Four Little Known Islands of The Ionian Sea
Everybody knows the major Greek Ionian Islands
and the like, but what many people are unaware of is that the Ionian Sea is home to a much larger collection of relatively unknown Greek island paradises.
Found right down south, in the furthest reaches of the Ionian Sea, is the quaint isle of Sapientza. Close to the coastline of the Peloponnese, the island is a natural beauty, with near total coverage in lush vegetation. Just the animals call this island home — the only sign of a human presence is an old, unmanned lighthouse, built by the British in the late 1800s. A gorgeous piece of architecture, the lighthouse is definitely worth exploring while visiting the island. Completely untainted by tourism, the beaches of Sapientza are untouched, pristine and bordered by stunning azure waters. While this might all sound like your Greek island perfection, what is really special about this island is what lies beyond its shores. Beneath the waves, divers will be treated to some of the most stunning shipwrecks in all of the Mediterranean. The most notable of the several wrecks that lie in the waters off the island's south tip is the one that belonged to the ancient Romans. While the vessel’s woodwork has since been taken by the sea, the large granite columns it was carrying from the Temple of Herod still lie there, along with a number of sarcophagi and other relics.
Heading north from Sapientza, travellers will find the remarkable island of Sphacteria near the port town of Plyos
on Greece’s west coast. With a rugged coastline, surrounded by dramatic rock formations, this unpopulated and peaceful looking island has a violent and bloody past. During the Peloponnesian war, a conflict which saw the famous city-states of Athens
fight one another for control of Greece, Sphacteria was home to one of the most crucial battles of the age. A crushing defeat by the Athenians saw the surrender of elite Spartan warriors, something they were believed to have never done before. The victory for Athens changed the tide of the war, taking Sparta years to recover. Now, no fighting occurs on Sphacteria, but it is great for hiking, with stunning views of the Greek mainland to the east and the Ionian Sea to the west. Visitors with a fascination for history can also travel here, and relish in the historical importance of this unassuming little island.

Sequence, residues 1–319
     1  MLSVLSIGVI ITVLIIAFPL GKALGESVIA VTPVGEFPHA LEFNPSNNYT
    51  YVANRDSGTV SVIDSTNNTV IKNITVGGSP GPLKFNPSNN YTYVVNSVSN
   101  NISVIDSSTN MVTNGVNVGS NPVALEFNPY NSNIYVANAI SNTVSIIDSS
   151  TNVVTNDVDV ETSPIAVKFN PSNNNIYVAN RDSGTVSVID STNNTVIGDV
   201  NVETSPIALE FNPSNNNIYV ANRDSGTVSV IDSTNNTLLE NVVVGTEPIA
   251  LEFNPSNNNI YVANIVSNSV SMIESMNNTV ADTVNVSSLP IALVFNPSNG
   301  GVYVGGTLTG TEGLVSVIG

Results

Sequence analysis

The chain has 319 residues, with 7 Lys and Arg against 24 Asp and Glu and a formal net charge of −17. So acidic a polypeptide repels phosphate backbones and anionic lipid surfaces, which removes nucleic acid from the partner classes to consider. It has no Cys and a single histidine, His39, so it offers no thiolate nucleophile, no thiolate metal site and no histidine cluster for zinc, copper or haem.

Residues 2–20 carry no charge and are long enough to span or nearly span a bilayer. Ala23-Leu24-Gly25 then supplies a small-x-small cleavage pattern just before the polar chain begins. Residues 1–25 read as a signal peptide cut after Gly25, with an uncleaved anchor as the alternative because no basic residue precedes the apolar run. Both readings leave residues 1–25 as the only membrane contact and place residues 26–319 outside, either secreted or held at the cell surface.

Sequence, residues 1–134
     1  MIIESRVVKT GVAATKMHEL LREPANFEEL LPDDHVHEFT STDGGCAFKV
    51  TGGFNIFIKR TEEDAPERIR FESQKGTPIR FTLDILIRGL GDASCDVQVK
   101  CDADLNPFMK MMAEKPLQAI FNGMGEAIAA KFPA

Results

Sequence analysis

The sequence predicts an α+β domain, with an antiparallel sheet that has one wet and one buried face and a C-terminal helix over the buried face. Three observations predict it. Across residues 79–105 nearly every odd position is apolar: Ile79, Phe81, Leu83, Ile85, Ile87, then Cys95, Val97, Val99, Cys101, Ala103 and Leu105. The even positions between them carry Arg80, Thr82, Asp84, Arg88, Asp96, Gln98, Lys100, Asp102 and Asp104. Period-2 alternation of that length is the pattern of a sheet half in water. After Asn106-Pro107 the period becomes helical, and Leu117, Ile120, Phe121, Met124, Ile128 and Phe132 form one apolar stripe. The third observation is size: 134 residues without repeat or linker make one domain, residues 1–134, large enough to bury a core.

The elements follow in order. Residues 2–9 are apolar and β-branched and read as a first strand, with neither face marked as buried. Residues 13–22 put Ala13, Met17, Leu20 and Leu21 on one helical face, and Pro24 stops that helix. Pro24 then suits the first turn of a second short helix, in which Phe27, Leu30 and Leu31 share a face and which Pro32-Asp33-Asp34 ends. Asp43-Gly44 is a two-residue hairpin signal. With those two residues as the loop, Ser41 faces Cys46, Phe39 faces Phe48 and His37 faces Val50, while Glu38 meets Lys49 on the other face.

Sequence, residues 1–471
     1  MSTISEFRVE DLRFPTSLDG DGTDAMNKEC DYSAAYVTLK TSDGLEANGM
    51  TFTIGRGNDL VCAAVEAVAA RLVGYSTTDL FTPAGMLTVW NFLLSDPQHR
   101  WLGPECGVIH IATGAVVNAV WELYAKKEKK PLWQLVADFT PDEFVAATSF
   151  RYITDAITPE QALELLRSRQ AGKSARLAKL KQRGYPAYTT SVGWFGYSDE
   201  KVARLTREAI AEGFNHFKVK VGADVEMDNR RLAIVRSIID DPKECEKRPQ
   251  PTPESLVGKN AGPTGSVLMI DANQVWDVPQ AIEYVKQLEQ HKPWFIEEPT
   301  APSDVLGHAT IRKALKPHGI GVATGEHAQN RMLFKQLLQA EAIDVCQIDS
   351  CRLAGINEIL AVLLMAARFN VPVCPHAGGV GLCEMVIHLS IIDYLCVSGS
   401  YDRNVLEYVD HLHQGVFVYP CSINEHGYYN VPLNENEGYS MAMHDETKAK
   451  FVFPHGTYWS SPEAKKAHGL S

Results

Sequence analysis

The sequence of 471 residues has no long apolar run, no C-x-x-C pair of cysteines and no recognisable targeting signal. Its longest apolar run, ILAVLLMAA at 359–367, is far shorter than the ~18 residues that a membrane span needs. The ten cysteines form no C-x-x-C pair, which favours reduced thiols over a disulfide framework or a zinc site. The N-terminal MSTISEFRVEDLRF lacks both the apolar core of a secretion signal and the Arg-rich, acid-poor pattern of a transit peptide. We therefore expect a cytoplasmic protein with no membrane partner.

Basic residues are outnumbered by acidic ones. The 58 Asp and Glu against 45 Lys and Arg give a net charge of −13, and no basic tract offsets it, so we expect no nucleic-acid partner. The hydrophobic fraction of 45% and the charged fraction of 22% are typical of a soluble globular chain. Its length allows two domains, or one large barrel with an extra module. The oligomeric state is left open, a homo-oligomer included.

Following our journey north through the Ionian Sea, we come across the vibrant white shores of Zante’s Laganas bay. In this sheltered bay sits the tiny island of Marathonissi, a protected loggerhead turtle nesting ground. Anchoring is illegal here, as it would damage the seabed of this protected area, but boats are allowed to float offshore as visitors swim or row to one of its two stunning beaches. On Marathonissi, you can explore rustic woodlands and hike the island’s steep hillside, relax on the soft sandy beaches and take in the views of Zante, or snorkel in the clear azure waters around its coast.
Our final stop on this trip is the small island of Mathraki, right off the northern tip of Corfu. For the first time on our journey, you’ll find an inhabited and lively island with a small, yet flourishing traditional Greek population. Completely unspoiled by tourism, Mathraki is home to unadulterated island culture. The island is not so far out the way that it is impossible to reach, but not so close to the airport that the culture is being watered-down by the tourism industry. You can explore quaint little villages and the lone harbour on its eastern shore, enjoy classic Greek seafood at one of their taverna's and relish in all the other things you’ve come to expect from an island in Greece, like gorgeous beaches, heavenly waters and stunning scenery. In essence, this quiet little island is perfect for those looking for a unique getaway.
Words by Cliff Blaylock of Deep Blue Yachting.